In approaching the subjects as a teacher would and explaining key topics to whoever will lend an ear, you'll have to have a good basis of knowledge and be ready to get questioned on it! What's more, you'll naturally make mistakes throughout the process, which brings me the next valuable take home.

There's absolutely nothing wrong with making mistakes.

It's potentially the best way of learning. Where ever possible get involved and be hands-on with your studying. Expect to make mistakes and when you inevitably do, you'll find correcting yourself makes the information more memorable.

4. Scribble Method

The ability to recall information under exam conditions is not a skill learnt overnight, nor are all of us naturally gifted with photographic memories, sadly.

So, for those of you that do enjoy good old fashioned pen and paper. Why not try the scientifically proven 'Scribble' method as described below.

Scientifically Backed: A Step by Step Scribble Method Guide

  1. Gather your notes or textbook and read through the information on the first topic - don’t just scan the information, aim to understand what is being said.
  2. Explain the information back to yourself in your head. If you can’t do this, go back and read it again.
  3. Shut the book and scribble down everything you can remember (it might be handy to do this on a mini whiteboard if you have one). Focus on speed and don’t worry about memorising the textbook exactly.
  4. If you can’t remember some of the information, be patient with yourself. Allow some time to gather your thoughts so that the memories can be recalled.
  5. After you have run your memory bank dry, re-open the page again. Check what you forgot or misremembered and make a note of it.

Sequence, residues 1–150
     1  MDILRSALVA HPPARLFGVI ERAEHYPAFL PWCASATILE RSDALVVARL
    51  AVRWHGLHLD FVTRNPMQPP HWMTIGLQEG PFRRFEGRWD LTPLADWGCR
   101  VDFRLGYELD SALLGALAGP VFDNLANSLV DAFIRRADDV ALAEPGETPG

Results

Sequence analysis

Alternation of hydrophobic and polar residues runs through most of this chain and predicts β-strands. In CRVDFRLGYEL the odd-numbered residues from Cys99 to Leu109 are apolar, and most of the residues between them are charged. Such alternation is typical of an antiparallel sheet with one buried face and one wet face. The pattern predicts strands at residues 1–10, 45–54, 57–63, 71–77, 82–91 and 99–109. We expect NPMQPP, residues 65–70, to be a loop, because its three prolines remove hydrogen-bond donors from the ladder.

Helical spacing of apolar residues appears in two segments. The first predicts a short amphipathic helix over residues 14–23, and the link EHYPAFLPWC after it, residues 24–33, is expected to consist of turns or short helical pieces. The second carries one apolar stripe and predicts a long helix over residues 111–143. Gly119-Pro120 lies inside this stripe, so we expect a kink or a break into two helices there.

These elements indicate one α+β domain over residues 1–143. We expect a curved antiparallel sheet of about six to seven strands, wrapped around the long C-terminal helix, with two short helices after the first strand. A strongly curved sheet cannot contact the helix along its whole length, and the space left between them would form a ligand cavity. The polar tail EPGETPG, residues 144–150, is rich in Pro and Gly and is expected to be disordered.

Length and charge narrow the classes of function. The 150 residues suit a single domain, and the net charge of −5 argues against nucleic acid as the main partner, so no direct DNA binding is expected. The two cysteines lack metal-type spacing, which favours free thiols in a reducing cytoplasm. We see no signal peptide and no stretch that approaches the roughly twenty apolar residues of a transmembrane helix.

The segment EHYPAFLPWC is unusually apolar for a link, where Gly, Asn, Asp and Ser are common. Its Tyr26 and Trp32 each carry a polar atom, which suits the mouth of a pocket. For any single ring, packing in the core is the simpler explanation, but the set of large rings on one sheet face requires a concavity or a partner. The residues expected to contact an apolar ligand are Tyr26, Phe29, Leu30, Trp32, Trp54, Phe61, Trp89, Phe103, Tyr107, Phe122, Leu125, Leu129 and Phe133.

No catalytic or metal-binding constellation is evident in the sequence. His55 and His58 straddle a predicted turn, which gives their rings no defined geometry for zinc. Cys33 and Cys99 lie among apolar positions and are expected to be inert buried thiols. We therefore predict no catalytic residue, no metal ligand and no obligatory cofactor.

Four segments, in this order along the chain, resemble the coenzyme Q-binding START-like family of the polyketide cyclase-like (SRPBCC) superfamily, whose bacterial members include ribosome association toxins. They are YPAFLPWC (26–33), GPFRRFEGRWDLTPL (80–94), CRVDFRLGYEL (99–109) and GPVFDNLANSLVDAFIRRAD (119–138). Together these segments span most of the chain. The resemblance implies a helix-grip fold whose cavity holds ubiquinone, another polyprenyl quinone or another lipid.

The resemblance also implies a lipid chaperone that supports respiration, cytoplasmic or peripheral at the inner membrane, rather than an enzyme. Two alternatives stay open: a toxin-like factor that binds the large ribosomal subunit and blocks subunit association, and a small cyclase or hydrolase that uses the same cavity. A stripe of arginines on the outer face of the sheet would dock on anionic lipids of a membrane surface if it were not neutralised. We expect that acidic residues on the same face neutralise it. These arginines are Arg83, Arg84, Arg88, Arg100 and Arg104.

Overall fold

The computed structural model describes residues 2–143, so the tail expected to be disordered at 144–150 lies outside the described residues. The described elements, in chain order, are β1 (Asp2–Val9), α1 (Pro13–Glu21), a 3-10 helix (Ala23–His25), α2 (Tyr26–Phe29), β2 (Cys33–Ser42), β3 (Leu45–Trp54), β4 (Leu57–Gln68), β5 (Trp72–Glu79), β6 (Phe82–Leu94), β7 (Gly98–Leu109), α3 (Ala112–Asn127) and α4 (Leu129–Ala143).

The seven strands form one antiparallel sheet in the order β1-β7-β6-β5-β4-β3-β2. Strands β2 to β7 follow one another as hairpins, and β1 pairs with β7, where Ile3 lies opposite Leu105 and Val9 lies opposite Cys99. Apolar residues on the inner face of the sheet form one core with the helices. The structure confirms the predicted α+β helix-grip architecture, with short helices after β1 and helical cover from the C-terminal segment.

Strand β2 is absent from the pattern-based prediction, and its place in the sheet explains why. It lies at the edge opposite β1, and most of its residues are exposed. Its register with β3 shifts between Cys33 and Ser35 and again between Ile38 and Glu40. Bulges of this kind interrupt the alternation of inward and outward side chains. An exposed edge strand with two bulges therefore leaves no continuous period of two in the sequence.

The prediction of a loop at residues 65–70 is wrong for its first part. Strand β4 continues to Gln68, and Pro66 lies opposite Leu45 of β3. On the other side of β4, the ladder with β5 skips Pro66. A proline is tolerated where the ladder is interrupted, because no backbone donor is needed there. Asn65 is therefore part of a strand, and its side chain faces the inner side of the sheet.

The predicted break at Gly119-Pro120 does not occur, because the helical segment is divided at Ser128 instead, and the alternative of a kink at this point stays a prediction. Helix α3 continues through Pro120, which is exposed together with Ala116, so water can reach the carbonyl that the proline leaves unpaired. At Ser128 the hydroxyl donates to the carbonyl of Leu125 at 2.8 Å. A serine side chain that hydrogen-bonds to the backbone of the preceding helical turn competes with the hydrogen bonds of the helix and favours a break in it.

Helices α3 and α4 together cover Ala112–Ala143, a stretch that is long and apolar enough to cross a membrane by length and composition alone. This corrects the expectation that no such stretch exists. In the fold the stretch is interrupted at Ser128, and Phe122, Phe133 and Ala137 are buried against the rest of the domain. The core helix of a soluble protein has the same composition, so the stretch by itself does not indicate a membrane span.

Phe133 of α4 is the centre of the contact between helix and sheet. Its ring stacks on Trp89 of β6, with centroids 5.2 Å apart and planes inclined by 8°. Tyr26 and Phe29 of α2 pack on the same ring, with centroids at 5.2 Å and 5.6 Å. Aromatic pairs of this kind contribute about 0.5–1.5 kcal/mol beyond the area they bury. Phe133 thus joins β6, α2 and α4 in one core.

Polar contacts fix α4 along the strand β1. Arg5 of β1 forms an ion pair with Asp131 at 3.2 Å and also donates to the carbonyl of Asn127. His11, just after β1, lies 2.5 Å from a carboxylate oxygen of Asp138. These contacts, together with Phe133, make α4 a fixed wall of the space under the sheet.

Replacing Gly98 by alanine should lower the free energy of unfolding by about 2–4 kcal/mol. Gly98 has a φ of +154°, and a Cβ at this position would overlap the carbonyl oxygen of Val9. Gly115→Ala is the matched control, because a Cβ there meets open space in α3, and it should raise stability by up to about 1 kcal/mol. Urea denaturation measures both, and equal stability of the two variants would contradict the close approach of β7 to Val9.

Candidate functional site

6. Close the book once more and scribble down what you missed the first time round - then move on to the next topic.

5. Curiosity and Confidence

When it comes to retaining information and developing the capacity to recall it under exam conditions, having a genuine interest in the subject makes all the difference.

It makes perfect sense really.

An insatiable urge to learn stands you in good stead to take on and recall more information. So, if you're a naturally curious individual, lean into this. If you're reading this prior to choosing your subject of study, perhaps consider making knowledge recall that bit easier and opt for the subject that you have a genuine unfettered interest in.

In a similar vein, your confidence when approaching a subject can have a huge impact on your ability to retain information, so don't give up before you've even begun. Now is not the time to have a confidence crisis but rather have a little faith in yourself. Students who believe they will be successful in memorising the information are far more likely to do so.

6. Healthy body, healthy mind

As always, when considering learning techniques we're reminded of the vital link between the body and mind. It has become increasingly evident that to reach your maximum potential when studying or revising new material you should be well-rested and have as balanced a diet as possible.

In conclusion, there's an abundance of approaches when it comes to knowledge retention. Try incorporating the above suggestions into your study routine and you should see a marked improvement in your ability to recall what you’ve learnt.

Scoodle's tutors have plenty more memorisation hacks so if you need a little help with how to remember the reactivity series or how to memorise quotes, you're in the right place. Book a lesson and improve your memory today.